As a result, the government has at times been unable to impose its will on Thales, and to a lesser degree DCNS, a position for which former Dassault Chief Executive Charles Edelstenne says the state has only itself to blame after privatizing certain strategic defense industries, only to regret some of the inevitable consequences.
“Privatization of these companies was a political act—a sovereign decision by those elected by the French people to make national policy,” Edelstenne says. “But once the state has decided to privatize these companies, it is difficult to criticize private shareholders for exercising rights the law gives them, and which the state has accepted through shareholder agreements.”
The audit agency also worries that Dassault and the French government have differences when it comes to the future direction of DCNS. While the state wants to keep control of the group, Dassault would prefer to see it run as a more industrial entity through Thales.
In its report, the audit agency attributes much of the state's diminished shareholder power to outmaneuvering on the part of defense companies, but in some cases it has been the result of administrative incompetence.
For example, following the 2005 merger of aerospace supplierand defense group Sagem, France retained a 30% voting share in the combined company, renamed . Two years later, the French agency that manages state holdings failed to meet a regulatory deadline to disclose through France's stock market authority that it had breached a threshold for accumulating Safran shares, a reporting oversight that cost the state an opportunity to increase its holding to 40%.
Even if it remains the largest and only major shareholder, the state has limited powers over Safran, as was illustrated in 2012 when the company's board of directors was able to block a government-backed exchange of assets between Thales and Safran in the areas of optronics and avionics.
As the French state's ownership in and influence over its defense industry wanes, the court asserts the government would do well to borrow a page from U.S. industrial security policy, which since 1988 has allowed the president to decide, by executive fiat, to block all foreign investments in domestic strategic industries that could pose a threat to national security through the Exon-Florio amendment.
Such a move could draw negative attention from the EU, which the audit agency says views Exon-Florio as a protectionist measure. In its report, the agency notes only Italy has put in place a regulation that appears to borrow from U.S. law—a March 2012 decree that limits the government's veto power on ownership changes but provides special powers with respect to defense and national security interests.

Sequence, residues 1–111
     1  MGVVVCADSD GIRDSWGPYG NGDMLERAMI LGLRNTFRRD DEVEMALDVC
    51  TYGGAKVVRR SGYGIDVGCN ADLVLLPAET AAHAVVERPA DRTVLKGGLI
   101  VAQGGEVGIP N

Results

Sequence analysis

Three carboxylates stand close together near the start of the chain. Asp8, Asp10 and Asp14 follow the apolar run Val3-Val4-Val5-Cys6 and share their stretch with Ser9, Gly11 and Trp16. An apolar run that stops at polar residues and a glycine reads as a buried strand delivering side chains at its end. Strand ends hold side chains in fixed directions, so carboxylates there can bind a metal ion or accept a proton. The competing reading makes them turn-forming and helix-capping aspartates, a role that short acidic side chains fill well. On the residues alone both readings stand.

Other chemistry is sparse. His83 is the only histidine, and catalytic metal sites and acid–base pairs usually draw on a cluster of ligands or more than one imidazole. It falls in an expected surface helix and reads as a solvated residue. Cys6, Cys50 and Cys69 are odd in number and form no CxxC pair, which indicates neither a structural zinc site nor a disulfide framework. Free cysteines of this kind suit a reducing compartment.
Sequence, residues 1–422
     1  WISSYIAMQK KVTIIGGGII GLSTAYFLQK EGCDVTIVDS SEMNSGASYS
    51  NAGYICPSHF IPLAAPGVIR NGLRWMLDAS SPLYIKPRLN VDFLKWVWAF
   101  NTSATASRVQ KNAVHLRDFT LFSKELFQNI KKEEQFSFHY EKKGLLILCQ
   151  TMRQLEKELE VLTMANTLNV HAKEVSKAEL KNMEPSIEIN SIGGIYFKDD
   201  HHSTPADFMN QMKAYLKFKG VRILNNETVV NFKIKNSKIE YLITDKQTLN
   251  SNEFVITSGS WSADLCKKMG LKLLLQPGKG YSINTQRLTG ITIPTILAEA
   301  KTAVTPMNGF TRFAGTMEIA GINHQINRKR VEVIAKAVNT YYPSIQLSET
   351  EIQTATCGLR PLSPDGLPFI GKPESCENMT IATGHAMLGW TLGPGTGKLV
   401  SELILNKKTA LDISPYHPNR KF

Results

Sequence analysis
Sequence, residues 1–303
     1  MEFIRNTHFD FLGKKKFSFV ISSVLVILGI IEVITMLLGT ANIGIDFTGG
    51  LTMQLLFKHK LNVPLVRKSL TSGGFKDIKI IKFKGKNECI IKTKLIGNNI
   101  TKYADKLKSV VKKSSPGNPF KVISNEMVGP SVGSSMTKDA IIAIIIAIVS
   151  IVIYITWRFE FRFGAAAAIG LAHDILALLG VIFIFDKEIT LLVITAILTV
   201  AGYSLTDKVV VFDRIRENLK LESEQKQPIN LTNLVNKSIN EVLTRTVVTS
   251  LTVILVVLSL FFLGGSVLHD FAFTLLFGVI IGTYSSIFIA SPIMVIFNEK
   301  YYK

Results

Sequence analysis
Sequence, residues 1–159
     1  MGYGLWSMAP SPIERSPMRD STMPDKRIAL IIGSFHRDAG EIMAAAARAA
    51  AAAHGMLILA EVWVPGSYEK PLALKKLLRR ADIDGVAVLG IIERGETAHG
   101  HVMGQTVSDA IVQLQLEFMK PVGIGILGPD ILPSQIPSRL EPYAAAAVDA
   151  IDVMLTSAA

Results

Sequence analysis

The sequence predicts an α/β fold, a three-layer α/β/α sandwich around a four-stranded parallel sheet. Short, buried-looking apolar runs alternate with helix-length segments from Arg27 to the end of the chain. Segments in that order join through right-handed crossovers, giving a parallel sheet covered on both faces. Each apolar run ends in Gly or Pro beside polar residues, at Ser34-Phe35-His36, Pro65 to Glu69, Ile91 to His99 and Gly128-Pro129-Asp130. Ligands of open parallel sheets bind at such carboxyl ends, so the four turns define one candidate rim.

The EU for years had pressured Italy to open its domestic markets to foreign ownership, though it remains unclear whether this limited measure, known as the “Golden Power” regulation, will run afoul of the union's rules.
“In the absence, at this juncture, of an Exon-Florio-type regulation, holding stock positions with a majority or blocking minority in these companies, either alone or in participation with other actors, is the favored route, given that state financial means are now limited,” the audit agency says, noting that the French government could reduce defense spending based on a new military strategy expected to be released in the coming weeks.
Short of regulatory reform, Gelain says, such budgetary pressure could induce the French state to reduce government interest in defense companies.
“A key step in triggering some level of industry consolidation in Europe is for the government to relinquish its shareholdings. There are other ways to preserve sovereignty over national security interests without the government being shareholder in these companies,” he says. “Not only would it make good business sense to reduce government ownership, but the state could raise money to sustain the military budget at a decent level . . . by selling these stakes in these companies.”